Should I become a plant parent? Why you should learn to garden.

Dec 29, 2022, 17:16 PM
“In school we would plant seeds. As a small child, I would help my mother plant simple seeds. Dirt used to be mediocre and clay like – they have improved it since then. I knew I wouldn’t maintain it. I like the idea of having a pretty garden, but I didn’t think I would be able to support it.” Unknown

Woman wearing sunhat from back with raised arms walking through sunflower field with bubbles

If this sentiment sounds a lot like you, you aren’t alone. Though search results regarding how to start a garden have been increasing in recent years, the idea of creating your first beginner garden can seem intimating, especially when you first learn to garden.

A popular Chinese proverb states, “Life begins the day you start a garden.” Most seasoned, passionate, or even hobby gardeners would agree. From being a great form of exercise to getting outside more and reaping the benefits of fresh air and Vitamin D, gardening is often considered a therapeutic and natural experience.

How do you get started on your quest to learn to garden? Dame Helen Mirren said that “Gardening is learning, learning, learning. That's the fun of them. You're always learning.” It’s okay if you aren’t sure how to start a garden, it’s just important that if you want to be a plant parent, just start.

How you start to garden depends entirely on you. How much effort you want to put in, what resources you have available to you, how much of a time commitment you can make. If you’re having trouble taking the first step to learn to garden, here are some of the reasons you should give it more thought.

Physical Benefits

Torso of lady wearing khaki shorts standing in vegetable gardening with watering can watering green leafy vegetables wearing white and blue gardening gloves

Outside of vitamin D, fresh air and exercise, there are other physical tangible benefits to choosing to learn to garden. Did you know? Soil contains Mycobacterium vaccae that can raise serotonin levels. Serotonin makes you happy, and therefore, plants make you happy.

If you are planting a vegetable garden, it can help you eat healthier, because it’s more satisfying to eat what you grew rather than just eating something from the supermarket.

Finally, plants can contribute to removing pollutants from our waterways, meaning the tap water we all use to drink and bathe, is overall healthier for us to consume – 8-10 glasses a day, right?

Mental or Emotional Benefits

Alice Sebold, author of the critically acclaimed bestselling novel, The Lovely Bones said: “I like gardening - it's a place where I find myself when I need to lose myself.” When you learn to garden, it allows you to own your space and make it exactly how you want it, giving you a renewed sense of personalization and self.

Woman sitting on hardwood floor surrounded by variety of plants in brown clay pots reading book

It connects you to nature, which can be a peaceful and stress-reducing experience. In the same way it allows you to give back to nature. Think of the mantra when camping – leave the space better than when you got here. The same can be said about starting a beginner garden. You put more back into the Earth than you take.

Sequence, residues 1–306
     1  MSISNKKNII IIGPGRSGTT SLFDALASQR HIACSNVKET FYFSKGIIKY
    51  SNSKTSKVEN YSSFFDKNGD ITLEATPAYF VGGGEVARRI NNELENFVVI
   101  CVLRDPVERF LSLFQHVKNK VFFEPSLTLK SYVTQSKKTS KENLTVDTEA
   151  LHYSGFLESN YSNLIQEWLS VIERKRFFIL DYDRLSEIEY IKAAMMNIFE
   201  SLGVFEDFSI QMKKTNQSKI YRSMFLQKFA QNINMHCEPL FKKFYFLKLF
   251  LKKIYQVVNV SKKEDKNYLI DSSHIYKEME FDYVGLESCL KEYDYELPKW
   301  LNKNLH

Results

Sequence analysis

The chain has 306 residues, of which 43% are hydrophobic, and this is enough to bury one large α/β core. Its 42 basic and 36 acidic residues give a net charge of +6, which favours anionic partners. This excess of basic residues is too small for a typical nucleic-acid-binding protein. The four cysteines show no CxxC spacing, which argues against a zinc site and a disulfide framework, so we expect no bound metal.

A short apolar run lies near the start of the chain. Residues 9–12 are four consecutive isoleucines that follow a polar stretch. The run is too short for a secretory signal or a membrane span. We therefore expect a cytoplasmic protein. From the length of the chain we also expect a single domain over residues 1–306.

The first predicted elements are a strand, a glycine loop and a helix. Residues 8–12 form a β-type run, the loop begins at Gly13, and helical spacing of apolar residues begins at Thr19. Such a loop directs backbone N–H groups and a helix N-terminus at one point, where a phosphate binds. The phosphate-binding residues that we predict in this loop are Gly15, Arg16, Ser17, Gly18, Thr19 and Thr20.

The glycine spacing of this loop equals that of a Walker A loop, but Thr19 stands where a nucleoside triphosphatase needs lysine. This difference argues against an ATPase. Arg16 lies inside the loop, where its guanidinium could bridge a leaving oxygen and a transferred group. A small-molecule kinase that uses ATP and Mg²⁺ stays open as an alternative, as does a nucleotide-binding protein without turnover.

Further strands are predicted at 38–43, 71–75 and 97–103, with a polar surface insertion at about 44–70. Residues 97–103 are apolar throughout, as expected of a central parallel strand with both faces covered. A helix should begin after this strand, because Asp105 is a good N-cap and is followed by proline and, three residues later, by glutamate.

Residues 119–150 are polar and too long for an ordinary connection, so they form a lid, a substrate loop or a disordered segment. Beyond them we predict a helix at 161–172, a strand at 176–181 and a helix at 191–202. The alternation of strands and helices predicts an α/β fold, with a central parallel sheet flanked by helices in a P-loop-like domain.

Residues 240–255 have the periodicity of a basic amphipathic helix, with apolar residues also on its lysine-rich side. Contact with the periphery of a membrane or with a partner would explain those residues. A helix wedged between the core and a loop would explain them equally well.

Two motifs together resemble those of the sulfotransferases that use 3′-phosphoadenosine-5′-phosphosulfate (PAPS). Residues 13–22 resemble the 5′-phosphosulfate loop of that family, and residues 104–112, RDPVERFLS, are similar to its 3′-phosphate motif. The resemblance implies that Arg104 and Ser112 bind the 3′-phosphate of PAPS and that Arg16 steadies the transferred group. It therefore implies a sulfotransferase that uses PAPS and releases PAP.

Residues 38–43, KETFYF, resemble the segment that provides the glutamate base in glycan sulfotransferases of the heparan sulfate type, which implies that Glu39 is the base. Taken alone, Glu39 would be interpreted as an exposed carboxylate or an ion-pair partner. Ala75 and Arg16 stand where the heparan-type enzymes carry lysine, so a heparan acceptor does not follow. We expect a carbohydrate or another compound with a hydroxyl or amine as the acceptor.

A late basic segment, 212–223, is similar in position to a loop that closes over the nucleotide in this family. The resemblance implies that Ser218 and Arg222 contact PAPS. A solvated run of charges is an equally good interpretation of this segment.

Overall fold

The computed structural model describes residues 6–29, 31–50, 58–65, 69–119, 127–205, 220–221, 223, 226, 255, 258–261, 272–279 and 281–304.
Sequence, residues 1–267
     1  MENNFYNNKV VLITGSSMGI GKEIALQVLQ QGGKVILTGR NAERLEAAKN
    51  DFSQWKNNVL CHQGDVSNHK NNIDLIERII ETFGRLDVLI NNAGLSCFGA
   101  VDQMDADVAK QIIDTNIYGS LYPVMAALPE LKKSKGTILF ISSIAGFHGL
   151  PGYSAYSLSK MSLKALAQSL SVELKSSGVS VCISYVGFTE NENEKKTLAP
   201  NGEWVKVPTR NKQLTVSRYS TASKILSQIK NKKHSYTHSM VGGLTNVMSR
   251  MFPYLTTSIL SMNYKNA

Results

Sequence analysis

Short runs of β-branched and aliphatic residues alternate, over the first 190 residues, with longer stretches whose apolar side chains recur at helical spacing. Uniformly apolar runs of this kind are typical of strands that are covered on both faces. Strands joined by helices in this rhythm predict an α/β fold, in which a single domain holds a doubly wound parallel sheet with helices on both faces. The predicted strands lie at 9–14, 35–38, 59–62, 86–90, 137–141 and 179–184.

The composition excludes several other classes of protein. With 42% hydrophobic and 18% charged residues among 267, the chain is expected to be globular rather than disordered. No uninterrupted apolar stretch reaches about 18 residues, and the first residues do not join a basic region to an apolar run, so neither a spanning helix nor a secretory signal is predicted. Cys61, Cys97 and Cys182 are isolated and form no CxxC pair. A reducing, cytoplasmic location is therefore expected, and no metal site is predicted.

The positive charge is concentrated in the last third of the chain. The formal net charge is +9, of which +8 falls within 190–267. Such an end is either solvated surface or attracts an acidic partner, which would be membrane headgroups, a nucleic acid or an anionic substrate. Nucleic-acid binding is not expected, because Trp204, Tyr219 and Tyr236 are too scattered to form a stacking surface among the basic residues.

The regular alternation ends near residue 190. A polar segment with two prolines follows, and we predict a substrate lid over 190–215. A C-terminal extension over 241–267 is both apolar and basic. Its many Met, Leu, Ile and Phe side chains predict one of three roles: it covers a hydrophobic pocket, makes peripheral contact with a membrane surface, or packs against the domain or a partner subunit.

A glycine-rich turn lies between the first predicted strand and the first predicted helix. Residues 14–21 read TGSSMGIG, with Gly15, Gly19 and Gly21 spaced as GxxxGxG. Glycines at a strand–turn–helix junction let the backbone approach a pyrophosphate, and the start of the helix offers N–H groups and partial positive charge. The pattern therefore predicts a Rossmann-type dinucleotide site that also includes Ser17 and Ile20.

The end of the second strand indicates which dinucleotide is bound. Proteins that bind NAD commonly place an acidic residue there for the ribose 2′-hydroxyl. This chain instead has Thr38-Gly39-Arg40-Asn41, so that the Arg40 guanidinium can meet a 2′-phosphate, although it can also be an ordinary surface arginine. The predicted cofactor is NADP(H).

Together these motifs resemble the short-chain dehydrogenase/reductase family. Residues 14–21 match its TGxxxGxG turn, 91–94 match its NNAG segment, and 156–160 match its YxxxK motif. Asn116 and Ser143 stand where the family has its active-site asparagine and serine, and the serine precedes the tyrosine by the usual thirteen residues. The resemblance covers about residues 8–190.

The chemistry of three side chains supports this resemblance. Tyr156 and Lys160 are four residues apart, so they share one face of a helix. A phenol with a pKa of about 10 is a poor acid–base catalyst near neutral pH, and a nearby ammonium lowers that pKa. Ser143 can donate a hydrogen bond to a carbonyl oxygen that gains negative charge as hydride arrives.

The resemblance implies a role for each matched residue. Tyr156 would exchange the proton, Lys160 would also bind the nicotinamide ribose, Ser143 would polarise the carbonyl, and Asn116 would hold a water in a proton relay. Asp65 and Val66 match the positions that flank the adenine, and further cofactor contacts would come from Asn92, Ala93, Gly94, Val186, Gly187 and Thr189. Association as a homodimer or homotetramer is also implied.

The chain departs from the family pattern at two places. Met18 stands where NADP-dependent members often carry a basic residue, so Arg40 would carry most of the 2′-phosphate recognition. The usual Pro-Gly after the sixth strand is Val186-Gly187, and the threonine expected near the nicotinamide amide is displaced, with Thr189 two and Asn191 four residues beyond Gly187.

Gardening can be considered “effortless attention” that can be accomplished in part relying on your instincts and giving your brain a chance to relax and reset from the stresses of everyday life. It provides a sense of accomplishment and reward. Getting to experience a project beginning to end and seeing your results.

Some say that gardening can make you a better person – teaching you moral education, and instilling certain virtues such as pragmatism, patience, perseverance, and humility. It also teaches you to care for something else, and keep it alive, which can be a new and rewarding experience, if you’ve never had children or pets.

Caucasian male hands planting small green sprout in outdoor clay-like light brown dirt

Working outdoors as a plant parent, and spending time and energy in your beginner garden allow you to focus on the beautiful things in life. In theory, your garden will be beautiful, but it also helps you to see the beauty and positivity in other things around you.

Social Benefits

You might be thinking, if I start a garden, how does that have social benefits? It’s just me and the plants. The truth is that gardening has been growing in popularity especially among millennials and it acts as a great way to bring people together through the hobby. There are clubs and meet-ups, there are Facebook Groups and Reddit threads, all dedicated to plant parents with a love and a green thumb.

Group of three people, a Black Man and two Caucasian Women all wearing white or beige clothing gathered around a cable potting houseplants together inside plant store with smiling faces

Similarly, to baking, gardening also allows you to product excellent, personal and inexpensive gifts for your loved ones. Buying someone a plant at a store is a nice gesture, but telling them you grew it yourself adds another level of love and care to the gift, giving it even more kindness behind the gesture.

Whether you are going to be a proud plant parent to an indoor or outdoor beginner garden, the benefits to your wellbeing are clear. “The glory of gardening: hands in the dirt, head in the sun, heart with nature. To nurture a garden is to feed not just the body, but the soul” said Alfred Austin, in Growing with the Seasons: A Sharing of Insights Into the Creative Aspects of Organic Gardening. Pick up a trowel, some gloves and a few clay pots and see how it goes. Who knows? You just might fall in love.

Open hand holding radishes picked from garden outdoors

If you’re looking for some backyard garden inspiration or just looking to connect with the right people to get started on your gardening journey, check out a Home & Garden Show in your city.